SEC’s Binance suit contains heavy mix of predictable charges, novel revelations

Tuesday, 6 Jun 2023

Cointelegraph By Derek Andersen

Original Article

The world’s largest cryptocurrency exchange has been hit with an SEC suit that many saw coming, but the details will be studied closely.


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The announcement of the United States Securities and Exchange Commission (SEC) suit against Binance, Binance.US and Binance CEO Changpeng Zhao (CZ) may have surprised the crypto community, but the SEC’s focus on the exchange was well known. The suit’s contents were met with a variety of reactions.

CZ claimed in a tweet on the morning of June 5, “Media gets the info before we do,” and the company had not seen the SEC complaint then. Evidence of scrambling behind the scenes may be seen in the two statements Binance issued in response to the suit.

The exchange called the suit “disappointing” in a blog post and emphasized the SEC’s failure to provide clarity and guidance, as well as its impact on financial innovation. A later statement distributed by email addressed legal issues more closely, claiming there was a lack of due process and promising a vigorous defense.

No one who was paying attention should have been taken unawares by the SEC’s complaint, Cory Klippsten, CEO of financial firm Swan Bitcoin, said of the allegations. He claimed in a statement to Cointelegraph:

“These practices of Binance have essentially been open secrets, so no one who operates in the space will be surprised by any of the charges.”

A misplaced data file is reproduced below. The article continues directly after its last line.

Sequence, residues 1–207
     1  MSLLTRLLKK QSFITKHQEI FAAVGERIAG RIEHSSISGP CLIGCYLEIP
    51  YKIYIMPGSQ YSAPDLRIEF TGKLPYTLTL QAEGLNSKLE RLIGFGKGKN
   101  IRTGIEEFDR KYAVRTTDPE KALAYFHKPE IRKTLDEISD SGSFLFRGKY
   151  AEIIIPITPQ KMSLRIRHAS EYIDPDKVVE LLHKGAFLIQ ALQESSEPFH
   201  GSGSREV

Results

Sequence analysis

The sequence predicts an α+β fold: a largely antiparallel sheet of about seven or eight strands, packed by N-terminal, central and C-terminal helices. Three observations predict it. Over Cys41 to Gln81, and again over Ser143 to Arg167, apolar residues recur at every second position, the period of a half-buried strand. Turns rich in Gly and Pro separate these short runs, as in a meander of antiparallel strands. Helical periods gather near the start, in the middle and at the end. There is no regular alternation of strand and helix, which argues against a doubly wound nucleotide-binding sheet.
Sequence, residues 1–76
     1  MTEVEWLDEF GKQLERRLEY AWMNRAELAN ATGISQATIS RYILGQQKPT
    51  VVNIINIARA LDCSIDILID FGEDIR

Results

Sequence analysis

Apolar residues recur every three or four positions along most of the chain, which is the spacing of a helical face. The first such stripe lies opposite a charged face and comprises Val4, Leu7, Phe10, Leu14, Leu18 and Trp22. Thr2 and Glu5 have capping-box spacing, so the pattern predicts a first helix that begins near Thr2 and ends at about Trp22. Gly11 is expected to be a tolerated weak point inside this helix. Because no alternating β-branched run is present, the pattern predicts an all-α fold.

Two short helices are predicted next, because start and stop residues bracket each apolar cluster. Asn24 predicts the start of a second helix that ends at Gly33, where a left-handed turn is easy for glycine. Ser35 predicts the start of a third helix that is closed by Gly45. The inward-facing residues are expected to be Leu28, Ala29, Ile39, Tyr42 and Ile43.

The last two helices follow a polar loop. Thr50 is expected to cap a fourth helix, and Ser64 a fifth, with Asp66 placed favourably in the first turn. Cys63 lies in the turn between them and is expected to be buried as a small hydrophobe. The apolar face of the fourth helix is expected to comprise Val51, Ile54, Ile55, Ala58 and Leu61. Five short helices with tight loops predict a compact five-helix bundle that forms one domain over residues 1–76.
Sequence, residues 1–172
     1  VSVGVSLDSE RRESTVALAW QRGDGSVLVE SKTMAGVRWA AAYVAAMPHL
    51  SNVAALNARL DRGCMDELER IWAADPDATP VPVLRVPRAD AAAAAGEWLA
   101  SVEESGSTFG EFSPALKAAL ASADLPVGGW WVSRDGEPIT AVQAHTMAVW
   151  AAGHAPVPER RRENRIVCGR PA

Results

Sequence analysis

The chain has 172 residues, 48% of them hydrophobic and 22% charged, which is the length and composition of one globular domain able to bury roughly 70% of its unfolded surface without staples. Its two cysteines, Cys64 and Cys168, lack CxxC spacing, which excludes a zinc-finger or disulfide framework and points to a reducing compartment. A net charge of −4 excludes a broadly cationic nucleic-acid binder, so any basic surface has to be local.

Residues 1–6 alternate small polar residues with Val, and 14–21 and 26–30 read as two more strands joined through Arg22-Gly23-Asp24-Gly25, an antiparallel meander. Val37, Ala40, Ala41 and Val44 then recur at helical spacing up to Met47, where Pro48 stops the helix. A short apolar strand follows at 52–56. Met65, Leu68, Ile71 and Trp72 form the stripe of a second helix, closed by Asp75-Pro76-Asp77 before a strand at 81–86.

Some of the details will still raise eyebrows. The most quotable passage in the suit undoubtedly came from the unnamed Binance chief compliance officer in 2018, who said in a message to another company officer:

“We are operating as a fking unlicensed securities exchange in the USA bro.”

More light was shed on Brian Brooks’ brief tenure as CEO of Binance.US. Brooks, former U.S. comptroller of the currency and CEO of Binance.US for three months in 2021, is memorably quoted in the suit (as “CEO B” of BAM Trading). According to the SEC, Brooks said in testimony:

“[W]hat became clear to me at a certain point was CZ was the CEO of BAM Trading, not me. […] I realized, huh, I’m not actually the one running this company, and the mission that I believe I signed up for isn’t the mission. And as soon as I realized that, I left.”

The SEC has repeatedly claimed that nearly all cryptocurrencies are securities, so the list of 10 tokens may also be illuminating. There are familiar claims, such as that Filecoin (FIL) is a security. Algorand (ALGO) has also been singled out before.

For Solana (SOL), Cardano (ADA) and Polygon (MATIC), the Binance suit may be a warning shot, however.

And guess which tokens are illegal securities offerings. Spoiler alert it includes Solana and Cardano.

— Stephen Diehl (@smdiehl)

June 5, 2023

There were already signs that a shakeup was underway at the exchange. Nearly simultaneously with the news of the SEC’s complaint, Bloomberg reported Richard Teng may be favored to replace CZ as the exchange’s next CEO. The news service cited “persons with direct knowledge.”

Related: Binance readies checkbook for potential fines from US regulators: Report

Teng was appointed to head all regional markets outside the U.S. on May 29. He joined Binance Singapore in August 2021, coming from the Financial Services Regulatory Authority at Abu Dhabi Global Market, where he was CEO, and “quickly rose through the ranks.”

Magazine: Crypto Wendy on trashing the SEC, sexism, and how underdogs can win: Hall of Flame


Cointelegraph By Derek Andersen

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